# Diffraction Problem

1. Dec 14, 2006

### tigerguy

1. The problem statement, all variables and given/known data

Diffraction and interference occur for wave phenomena such as light and water waves as well as sound waves. During a lecture on diffraction, Steve's eyelids droop,meaning that he closes his eyes until he is looking out through his eyelashes. Then, a green light (lambda= 6 e -7) ini the lecture hall appears to have multiple images, and each image is blurred (wider) than when his eyes are more wide open.

What is the full angular widht (delta theta) of each of the multiple images of the light as viewed through the gap between a pair of neighboring eyelashes? Suppose that the diameter of Steve's eyelashes is 3 x 10^-6 m and the spacing between them is 6 x 10^-6 m.

2. Relevant equations

I think we have to using sin(theta) = lambda/W. For the eyelashes, I think we have to use sin (theta) = 1.22 lambda/D.

3. The attempt at a solution
So basically, I used that same formula twice, and added the theta's up to get the angle. I don't think that this approach is right, so any advice/guidance would be appreciated.

2. Dec 14, 2006

### OlderDan

The wording of the problem sounds to me like you are supposed to be analyzing the pattern of one single slit.

http://hyperphysics.phy-astr.gsu.edu/hbase/phyopt/sinslit.html#c1

3. Dec 14, 2006

### tigerguy

What would the slit width a and the variable m be, then? I don't think we learned that in class yet. Thanks for your help!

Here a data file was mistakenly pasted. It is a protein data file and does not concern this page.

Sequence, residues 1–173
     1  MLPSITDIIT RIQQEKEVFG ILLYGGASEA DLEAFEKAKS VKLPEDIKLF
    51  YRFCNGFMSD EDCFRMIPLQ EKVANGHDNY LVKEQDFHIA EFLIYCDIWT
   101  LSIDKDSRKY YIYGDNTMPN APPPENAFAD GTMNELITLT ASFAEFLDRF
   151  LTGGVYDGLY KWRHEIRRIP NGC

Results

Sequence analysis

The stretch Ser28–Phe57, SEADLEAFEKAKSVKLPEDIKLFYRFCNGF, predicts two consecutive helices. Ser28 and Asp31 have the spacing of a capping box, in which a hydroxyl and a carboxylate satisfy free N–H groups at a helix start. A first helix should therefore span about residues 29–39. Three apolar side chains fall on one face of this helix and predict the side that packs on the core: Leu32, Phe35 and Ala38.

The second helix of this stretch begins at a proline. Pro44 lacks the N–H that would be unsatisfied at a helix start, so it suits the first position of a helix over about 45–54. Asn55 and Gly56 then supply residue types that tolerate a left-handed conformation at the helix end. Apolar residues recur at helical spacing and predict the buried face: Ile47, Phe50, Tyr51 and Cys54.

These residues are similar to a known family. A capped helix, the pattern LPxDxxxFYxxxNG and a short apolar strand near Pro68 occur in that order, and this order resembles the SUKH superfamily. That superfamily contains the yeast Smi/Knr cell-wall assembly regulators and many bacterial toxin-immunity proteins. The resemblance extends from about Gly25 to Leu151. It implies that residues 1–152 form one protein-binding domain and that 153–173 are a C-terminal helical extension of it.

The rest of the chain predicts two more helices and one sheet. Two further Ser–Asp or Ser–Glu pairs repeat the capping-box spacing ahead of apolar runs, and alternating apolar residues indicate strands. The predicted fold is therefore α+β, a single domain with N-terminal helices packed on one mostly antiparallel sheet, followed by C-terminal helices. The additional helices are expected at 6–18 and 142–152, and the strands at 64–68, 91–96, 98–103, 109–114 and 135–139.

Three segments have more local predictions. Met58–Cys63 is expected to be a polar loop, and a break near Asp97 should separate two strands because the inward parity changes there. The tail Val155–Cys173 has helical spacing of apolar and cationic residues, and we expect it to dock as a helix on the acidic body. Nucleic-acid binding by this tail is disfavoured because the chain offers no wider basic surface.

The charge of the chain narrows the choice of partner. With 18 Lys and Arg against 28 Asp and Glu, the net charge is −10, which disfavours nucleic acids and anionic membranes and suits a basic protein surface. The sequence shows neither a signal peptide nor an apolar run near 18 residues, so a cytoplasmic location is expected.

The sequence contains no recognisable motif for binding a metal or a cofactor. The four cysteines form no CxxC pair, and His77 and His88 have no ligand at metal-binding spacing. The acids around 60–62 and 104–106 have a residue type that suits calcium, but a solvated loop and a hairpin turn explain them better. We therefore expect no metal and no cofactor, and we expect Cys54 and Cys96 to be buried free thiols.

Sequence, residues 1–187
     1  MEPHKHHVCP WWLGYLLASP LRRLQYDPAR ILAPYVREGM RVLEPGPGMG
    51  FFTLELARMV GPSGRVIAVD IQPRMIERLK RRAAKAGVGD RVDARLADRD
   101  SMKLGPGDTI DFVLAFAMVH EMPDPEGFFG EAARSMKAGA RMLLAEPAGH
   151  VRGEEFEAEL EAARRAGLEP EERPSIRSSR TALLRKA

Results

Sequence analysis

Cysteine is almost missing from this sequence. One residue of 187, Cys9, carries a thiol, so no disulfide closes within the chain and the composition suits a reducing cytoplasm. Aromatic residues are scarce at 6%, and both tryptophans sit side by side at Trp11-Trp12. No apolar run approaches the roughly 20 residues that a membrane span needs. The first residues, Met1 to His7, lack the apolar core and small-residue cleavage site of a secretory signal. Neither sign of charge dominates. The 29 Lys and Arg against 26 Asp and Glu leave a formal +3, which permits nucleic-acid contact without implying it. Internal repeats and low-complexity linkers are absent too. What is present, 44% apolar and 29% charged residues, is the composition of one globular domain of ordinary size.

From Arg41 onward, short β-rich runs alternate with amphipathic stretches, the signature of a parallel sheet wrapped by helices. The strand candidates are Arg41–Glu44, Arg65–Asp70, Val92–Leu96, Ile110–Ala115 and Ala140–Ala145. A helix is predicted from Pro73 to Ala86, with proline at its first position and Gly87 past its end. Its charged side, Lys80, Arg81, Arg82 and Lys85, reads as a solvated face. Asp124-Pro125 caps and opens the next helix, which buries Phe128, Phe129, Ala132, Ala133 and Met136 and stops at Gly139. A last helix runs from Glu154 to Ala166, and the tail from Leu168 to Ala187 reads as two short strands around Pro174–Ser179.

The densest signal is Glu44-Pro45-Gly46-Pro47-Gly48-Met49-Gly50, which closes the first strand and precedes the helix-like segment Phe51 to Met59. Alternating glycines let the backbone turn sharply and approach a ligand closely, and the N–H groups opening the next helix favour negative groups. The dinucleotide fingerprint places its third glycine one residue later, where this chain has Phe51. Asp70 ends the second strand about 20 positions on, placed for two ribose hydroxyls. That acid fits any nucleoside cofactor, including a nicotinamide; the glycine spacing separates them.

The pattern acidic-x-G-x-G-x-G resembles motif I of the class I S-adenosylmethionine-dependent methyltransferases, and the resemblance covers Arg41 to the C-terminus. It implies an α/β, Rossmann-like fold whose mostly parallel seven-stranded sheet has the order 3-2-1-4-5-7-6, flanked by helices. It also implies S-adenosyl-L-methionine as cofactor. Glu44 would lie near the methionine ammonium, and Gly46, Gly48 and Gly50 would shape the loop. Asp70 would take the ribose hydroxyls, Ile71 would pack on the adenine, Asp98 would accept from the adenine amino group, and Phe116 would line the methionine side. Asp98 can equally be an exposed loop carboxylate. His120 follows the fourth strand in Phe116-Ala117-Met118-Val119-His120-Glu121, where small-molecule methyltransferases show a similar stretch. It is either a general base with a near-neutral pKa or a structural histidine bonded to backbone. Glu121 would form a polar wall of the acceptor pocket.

4. Dec 14, 2006

### OlderDan

The slit width is to be calcualted from the diameter and spacing of the eyelashes. m will be different for each image.

5. Dec 15, 2006

### tigerguy

Theres a second part of the question that I'm confused about:

Steve also sees multiple images of light due to constructive interference from the light that diffracts through different gaps between his eyelashes. The most prominent secondary images occurs at an angle such that the path lengths of light from the gaps between neighboring eyelashes to the retina differ by one wavelength so that their interference is constructive. What is the angular separation between the primary image (seen with wide-open eyes) and the nearest secondary image (seen through the eyelashes)?

What is the best way to approach this problem? Are we just finding the angles of both, and just subtracting to find the difference? I'm pretty confused, so I'd appreciate any help.

6. Dec 15, 2006

### OlderDan

This changes the problem to a diffraction grating problem. The interference is from multiple slits with regular spacing between them. The diffraction from each individual slit is responsible for spreading the light in different directions, but the interference pattern is due to the path length differences from the different slits. The equations are similar, but not quite the same.

http://hyperphysics.phy-astr.gsu.edu/hbase/phyopt/grating.html

7. Dec 15, 2006

### tigerguy

Thanks again;

I found 2 angles for the last problem - would the difference be the angular separation between the primary and secondary images?

Thanks

8. Dec 16, 2006

### OlderDan

That's the way it sounds to me. The primary image formed when looking through the eyelash "grating" is in the same position as the one image formed with no grating.